Markus Golden is the prototypical OLB/DE hybrid player who can rush the quarterback or stone wall a blocking offensive lineman, shed the block and make a tackle for a loss if teams try to use only one blocker on him. Golden is also an example of the theory that the best athletes play defense, as he transitioned from running back to linebacker to defensive end. He has a sudden burst coming off the snap that can stand up lineman or beat them to the edge. He missed one game his senior season and came back to play hurt promptly after, while still providing leadership on the field and in the locker room. He's strong and knows how to use his strength effectively. My only knock against Golden is he doesn't have elite speed and athletic quarterbacks can elude him if they see him coming, part of that is his foot speed, but he compensates for that by having excellent vision and instincts and reacting to plays as fast as they can develop. He's also skilled with the use of his hands and is dogged in pursuit, chasing down plays from anywhere on the field, a trait Mizzou fans last saw with first round pick Sheldon Richardson.
It's been an absolute pleasure to watch Markus Golden, this last year especially as he took the reigns of a Mizzou team that lost a ton of leadership and talent and dragged it back to an SEC Championship game. Golden is a finished product who is ready to contribute at the NFL level as soon as he devours the defensive playbook. Some teams might grade him down simply because he has limited upside in terms of growth, which is the only reason I can see him falling to the second round.
A quick aside: One of the pleasures of having Markus Golden on Mizzou has been interacting with his mother on twitter. I've never personally witnessed the sheer positivity and love that she demonstrates for her son as she follows his college career.
I WISH TO TAKE NOTHING AWAY FROM NO ONE DESERVING OF IT!! HOWEVER I WISH FOR MY SON TO BE REWARDED FAIRLY AS WELL!!— Rhonda Golden (@rgolden222) December 8, 2014
My Pick: Late 1st to 2nd round
Bill C's Pick: 2nd to 3rd round
DE - Shane Ray
(6'3, 245, Jr.) (61 tackles, 20.5 TFL, 14 sacks, 2 FF, 1 PBU, 5 QB hurries)
I worry about Shane Ray's NFL draft stock and I'll tell you why.
Tell me if this sounds familiar:
Mizzou defensive end leads team and SEC in sacks, wins SEC defensive player of the year among other honors, but is a bit undersized - one might even call him a "tweener" and played on a team with a stout defensive line while he recorded a bunch of his sacks against mediocre teams.
Granted, Shane Ray and Michael Sam have some key differences, but I'm going to be paying close attention to how draftniks and scouts evaluate Shane Ray as the NFL draft draws closer.
I can already hear the pundits scrutinizing Shane Ray's performance and the negative leveraging some scouts will be using to try and cause Ray to drop to improve their chance of landing him at a lower value pick. As I look around the internet right now, the majority of websites have Ray as a top 10 or top 15 draft pick with a number of them saying he'll go to primarily 4-3 defensive teams. There's already some talk that he'll need to move transition to an OLB role in order to start in the NFL, despite ample evidence that comparable athletes have made careers out of their size/speed combinations.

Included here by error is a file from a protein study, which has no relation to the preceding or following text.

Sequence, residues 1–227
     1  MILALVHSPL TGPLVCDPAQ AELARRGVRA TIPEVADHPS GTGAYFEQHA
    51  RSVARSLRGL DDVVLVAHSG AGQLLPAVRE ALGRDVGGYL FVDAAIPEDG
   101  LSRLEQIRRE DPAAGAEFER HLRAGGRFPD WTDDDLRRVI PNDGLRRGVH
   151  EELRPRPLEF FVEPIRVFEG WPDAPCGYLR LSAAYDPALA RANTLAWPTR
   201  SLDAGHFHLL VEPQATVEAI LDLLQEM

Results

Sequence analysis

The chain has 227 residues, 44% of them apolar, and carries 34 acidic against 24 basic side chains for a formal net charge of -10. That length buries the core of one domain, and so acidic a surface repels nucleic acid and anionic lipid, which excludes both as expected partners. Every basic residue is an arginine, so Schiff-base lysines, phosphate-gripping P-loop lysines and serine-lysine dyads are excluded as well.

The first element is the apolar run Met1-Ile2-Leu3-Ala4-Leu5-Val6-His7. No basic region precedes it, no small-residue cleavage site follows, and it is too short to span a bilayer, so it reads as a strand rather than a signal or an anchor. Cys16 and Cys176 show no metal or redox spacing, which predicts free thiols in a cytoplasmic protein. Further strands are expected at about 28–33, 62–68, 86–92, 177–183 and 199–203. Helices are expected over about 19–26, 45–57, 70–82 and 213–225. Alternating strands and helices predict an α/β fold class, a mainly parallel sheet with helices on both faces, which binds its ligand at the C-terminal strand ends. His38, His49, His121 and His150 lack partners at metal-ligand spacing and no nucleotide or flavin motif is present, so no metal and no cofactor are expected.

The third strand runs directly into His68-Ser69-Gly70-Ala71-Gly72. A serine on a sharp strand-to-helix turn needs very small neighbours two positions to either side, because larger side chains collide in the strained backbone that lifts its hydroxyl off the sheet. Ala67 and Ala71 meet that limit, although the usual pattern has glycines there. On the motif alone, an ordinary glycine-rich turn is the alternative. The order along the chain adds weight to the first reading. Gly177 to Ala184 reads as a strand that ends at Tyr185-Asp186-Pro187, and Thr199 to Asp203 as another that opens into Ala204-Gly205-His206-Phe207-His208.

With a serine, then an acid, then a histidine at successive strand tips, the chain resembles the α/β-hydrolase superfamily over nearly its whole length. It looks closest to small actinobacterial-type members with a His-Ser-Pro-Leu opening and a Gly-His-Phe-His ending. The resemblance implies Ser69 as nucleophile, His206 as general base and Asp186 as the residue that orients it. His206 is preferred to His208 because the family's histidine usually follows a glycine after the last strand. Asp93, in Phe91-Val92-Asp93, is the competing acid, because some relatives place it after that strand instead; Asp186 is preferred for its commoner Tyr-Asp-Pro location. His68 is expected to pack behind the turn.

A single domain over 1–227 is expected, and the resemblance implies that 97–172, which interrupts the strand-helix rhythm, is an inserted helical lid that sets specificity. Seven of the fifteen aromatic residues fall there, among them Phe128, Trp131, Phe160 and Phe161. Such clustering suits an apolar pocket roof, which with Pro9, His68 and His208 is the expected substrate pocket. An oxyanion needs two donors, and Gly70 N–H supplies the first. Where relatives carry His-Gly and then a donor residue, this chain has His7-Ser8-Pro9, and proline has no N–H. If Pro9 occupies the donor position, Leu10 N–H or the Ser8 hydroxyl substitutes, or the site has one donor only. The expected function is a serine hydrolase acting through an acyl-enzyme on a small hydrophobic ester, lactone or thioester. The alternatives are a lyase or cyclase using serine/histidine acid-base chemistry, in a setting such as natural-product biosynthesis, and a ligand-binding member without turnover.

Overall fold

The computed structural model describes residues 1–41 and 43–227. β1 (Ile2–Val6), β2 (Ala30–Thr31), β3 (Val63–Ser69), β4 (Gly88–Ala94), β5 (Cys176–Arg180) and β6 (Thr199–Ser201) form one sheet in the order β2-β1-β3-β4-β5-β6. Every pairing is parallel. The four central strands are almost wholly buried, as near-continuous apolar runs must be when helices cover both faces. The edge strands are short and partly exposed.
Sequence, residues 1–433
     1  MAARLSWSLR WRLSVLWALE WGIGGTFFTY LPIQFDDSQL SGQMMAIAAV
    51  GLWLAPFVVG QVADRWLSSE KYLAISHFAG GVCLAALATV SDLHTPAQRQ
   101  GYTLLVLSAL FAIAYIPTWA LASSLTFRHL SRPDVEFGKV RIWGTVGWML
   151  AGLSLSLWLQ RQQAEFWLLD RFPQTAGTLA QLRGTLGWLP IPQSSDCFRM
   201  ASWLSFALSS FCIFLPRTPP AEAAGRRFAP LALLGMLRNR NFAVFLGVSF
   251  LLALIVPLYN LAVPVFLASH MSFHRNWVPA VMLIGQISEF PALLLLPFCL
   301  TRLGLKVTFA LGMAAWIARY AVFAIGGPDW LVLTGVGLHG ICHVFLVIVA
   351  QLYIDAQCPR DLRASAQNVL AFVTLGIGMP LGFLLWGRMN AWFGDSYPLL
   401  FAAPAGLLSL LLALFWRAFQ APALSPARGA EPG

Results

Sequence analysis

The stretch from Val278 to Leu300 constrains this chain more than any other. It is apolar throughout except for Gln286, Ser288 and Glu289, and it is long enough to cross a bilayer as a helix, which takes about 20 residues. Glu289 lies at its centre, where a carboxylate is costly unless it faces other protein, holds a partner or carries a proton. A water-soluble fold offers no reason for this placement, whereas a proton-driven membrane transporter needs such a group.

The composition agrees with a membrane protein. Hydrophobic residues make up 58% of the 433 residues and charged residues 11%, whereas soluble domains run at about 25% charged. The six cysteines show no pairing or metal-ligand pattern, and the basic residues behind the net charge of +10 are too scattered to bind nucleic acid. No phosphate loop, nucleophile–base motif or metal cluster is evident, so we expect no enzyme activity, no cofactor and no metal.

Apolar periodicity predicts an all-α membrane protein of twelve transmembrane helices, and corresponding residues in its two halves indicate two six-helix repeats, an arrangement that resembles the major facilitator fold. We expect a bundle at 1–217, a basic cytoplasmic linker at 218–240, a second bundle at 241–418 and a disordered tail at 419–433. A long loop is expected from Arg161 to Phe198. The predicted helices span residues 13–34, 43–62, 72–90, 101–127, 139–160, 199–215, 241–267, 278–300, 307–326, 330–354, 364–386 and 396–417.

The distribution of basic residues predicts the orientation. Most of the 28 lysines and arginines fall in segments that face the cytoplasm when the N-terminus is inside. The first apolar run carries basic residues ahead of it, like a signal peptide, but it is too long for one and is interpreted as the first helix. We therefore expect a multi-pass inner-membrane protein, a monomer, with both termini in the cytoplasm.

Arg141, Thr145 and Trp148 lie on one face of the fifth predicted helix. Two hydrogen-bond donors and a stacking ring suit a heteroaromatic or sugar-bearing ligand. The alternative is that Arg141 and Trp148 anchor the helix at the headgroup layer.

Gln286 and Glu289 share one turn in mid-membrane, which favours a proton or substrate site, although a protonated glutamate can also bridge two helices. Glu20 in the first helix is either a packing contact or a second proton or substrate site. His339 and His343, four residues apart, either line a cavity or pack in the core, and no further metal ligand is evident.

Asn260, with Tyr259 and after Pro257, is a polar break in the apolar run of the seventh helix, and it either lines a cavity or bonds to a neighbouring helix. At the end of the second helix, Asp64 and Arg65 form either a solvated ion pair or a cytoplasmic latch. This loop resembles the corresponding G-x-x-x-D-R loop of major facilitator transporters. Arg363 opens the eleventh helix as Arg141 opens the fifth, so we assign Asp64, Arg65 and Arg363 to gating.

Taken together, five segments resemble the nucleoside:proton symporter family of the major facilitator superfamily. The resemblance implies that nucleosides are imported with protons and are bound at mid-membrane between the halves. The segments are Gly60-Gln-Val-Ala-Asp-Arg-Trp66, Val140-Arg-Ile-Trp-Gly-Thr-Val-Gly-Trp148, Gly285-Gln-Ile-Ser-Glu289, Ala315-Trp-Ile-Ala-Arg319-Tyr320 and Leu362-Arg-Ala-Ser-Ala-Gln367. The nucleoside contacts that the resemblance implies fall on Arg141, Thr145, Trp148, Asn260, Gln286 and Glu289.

I've seen enough from Shane Ray to feel confident asserting he's strong enough against the run to dismiss notions he's purely a pass rushing specialist, and I think his nationally ranking 3rd tackles for a loss backs that up, but his 14 sacks, yes - 14, tie him at 3rd nationally as well. Ray has his eyes on the backfield but the ability to keep hand fighting and avoid getting locked in with lineman and his long arms given him the ability to go up against larger lineman. He can win a footrace with almost any quarterback and has shown that once he gets a hand on the quarterback, he's not letting go.
Shane Ray has a quiet nastiness about him, something we've seen more of in the past few games. There was a targeting penalty against Alabama, a borderline late hit during the Arkansas game, an unsportsmanlike conduct penalty in the Texas A&M game, a personal foul during the Indiana game, and a roughing the passer penalty against UCF. Additionally, the past two years he's been called for off-sides penalties on several occassions while trying to push the limits. All these things will be examined as a team deliberates investing a 1st round pick into Shane Ray.
My Pick: 1st round
Bill C's Pick: yep, and Ray's natural athleticism dwarfs Michael Sam's, I think
Those are my thoughts on Mizzou's NFL caliber players on the defensive side of the ball. As the NFL draft draws closer, I'll revisit these thoughts and musings, but until then, let me know why you think I'm wrong.